Using encryption for correspondence in America is older than the country and as American as apple pie, so much so that Thomas Jefferson even invented an encryption device during the Revolution and later used it for dispatches while he was ambassador to France.
Public Key Encryption
Protecting the exchange of information through correspondence has always been a primary goal of encryption. After millennia of scientific and mathematical analysis, the array of possible codes and ciphers is multifarious and bewildering, from the highly secure one-time pad to the hard-to-detect book cipher. For today’s typical computer user, the cryptographic choice is likely to be public-key encryption, which is widely available for email in two forms: S/MIME and PGP.
Public-key encryption has the advantage of addressing two basic needs: 1) it preserves the confidentiality of data in transit and 2) it allows the recipient to verify the identity of the sender. This is accomplished by “encrypting” and “signing” a message, each of which may be done separately or in combination.
In some ways, S/MIME is the easier of the two standards to implement and the more transparent to the user, so although PGP has other advantages, I am going to defer a discussion of PGP to a future post.
The guiding principle behind S/MIME is that users are issued cryptographic certificates that are signed by an “authority” who guarantees the genuine nature of the certificate and (in varying degrees) the identity of the user. Obtaining a certificate with significant identifying information, particularly for an organization, can be an expensive proposition, but it is possible for individual users to obtain certificates suitable for email encryption and verification for free from providers such as Comodo.
Each certificate contains a public key and a private key. At the risk of oversimplifying, you use your private key to sign and encrypt messages you are sending to someone else. Your public key is used by other people to send messages to you. You should always protect the physical security of your certificate, because no one else should ever have access to your private key.
Download Your Certificate
When your obtain your certificate, providers of certificates will typically install it in your browser, and it will need to exported from your preferences and saved in a “.p12” or “.pfx” file. For example, in Firefox, go to Edit>Preferences>Advanced>Encryption>View Certificates. Click on View Certificates and then Your Certificates. You should see your certificate listed. Click on Backup and then enter a pair of arbitrary passwords (don’t forget them!) when prompted. Your certificate will now be saved as a *.p12 file suitable for importation into your mail program of choice.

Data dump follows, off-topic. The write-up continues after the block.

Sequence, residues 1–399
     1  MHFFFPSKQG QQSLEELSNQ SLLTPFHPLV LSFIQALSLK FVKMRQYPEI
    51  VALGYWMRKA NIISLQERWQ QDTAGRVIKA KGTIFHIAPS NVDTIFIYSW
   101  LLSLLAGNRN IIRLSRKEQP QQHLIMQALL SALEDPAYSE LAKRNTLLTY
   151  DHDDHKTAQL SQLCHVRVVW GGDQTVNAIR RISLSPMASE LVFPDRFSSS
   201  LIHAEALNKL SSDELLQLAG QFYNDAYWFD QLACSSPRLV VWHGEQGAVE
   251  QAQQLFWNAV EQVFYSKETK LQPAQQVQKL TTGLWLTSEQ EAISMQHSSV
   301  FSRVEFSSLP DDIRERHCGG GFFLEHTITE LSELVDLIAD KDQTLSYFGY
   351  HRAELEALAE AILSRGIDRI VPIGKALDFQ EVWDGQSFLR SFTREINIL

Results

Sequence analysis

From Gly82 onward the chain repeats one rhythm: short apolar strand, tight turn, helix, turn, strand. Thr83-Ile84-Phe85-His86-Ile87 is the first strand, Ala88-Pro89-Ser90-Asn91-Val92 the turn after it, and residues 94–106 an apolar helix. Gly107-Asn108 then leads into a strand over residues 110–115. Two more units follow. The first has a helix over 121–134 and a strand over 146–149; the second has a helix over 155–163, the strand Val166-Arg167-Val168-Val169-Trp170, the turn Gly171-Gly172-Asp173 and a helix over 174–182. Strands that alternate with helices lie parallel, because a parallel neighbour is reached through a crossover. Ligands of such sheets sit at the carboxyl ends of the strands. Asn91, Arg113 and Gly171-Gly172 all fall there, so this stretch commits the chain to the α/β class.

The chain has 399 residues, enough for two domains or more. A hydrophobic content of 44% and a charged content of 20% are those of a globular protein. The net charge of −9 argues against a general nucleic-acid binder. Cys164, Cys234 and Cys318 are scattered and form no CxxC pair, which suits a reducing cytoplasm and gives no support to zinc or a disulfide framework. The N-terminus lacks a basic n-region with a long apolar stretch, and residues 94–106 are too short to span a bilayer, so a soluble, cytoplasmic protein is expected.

Settings in other browsers will vary, but they should follow the same overall pattern.
Installing Your Certificate
Most popular email software is already equipped to handle S/MIME encryption, including Microsoft Outlook, Mozilla Thunderbird, and Apple’s iPhone.
Instructions to import your certificate from your *.p12 file into particular mail clients are readily available on the Internet, for example, for multiple clients, for Outlook 2007, for Thunderbird, and for iPhone.
I have even had some success with the Penango plugin for Firefox that allows you to encrypt mail in Gmail, although my experience has not been wholly trouble free.
Signing and Encrypting Your Mail
At this point, signing your mail with your certificate should be no more difficult than toggling a button on your mail client (or changing a setting on your iPhone). Signing your mail will confirm for the recipient that your message has not been tampered with and that your unique key identifies it. (You will have to verify independently that your email address is really yours.)
Encryption is slightly more complicated, but not much. In order to send someone an encrypted email, you first need to have their public key.
The usual way to obtain someone’s public key is to have them send you a signed message, in which case your email client will normally automatically import their public key. Then, when you send a message back to their email address, if you click the “encrypt” button, your email program will automatically use that public key to encrypt the mail so that only the person who possesses that key can read it.
- Disclaimer: Except where noted, these are the observations of a computer user, not a computer expert, based on personal use and experience; you are encouraged to do your own research and, if in doubt, to seek the advice of a professional. The foregoing information is provided “as is” with NO WARRANTY of any kind, including but not limited to merchantability or fitness for a particular purpose. While this information is intended to be helpful, I disclaim any liability, express or implied; if your computer is hacked, cracked, or spontaneously combusts, it is your sole responsibility.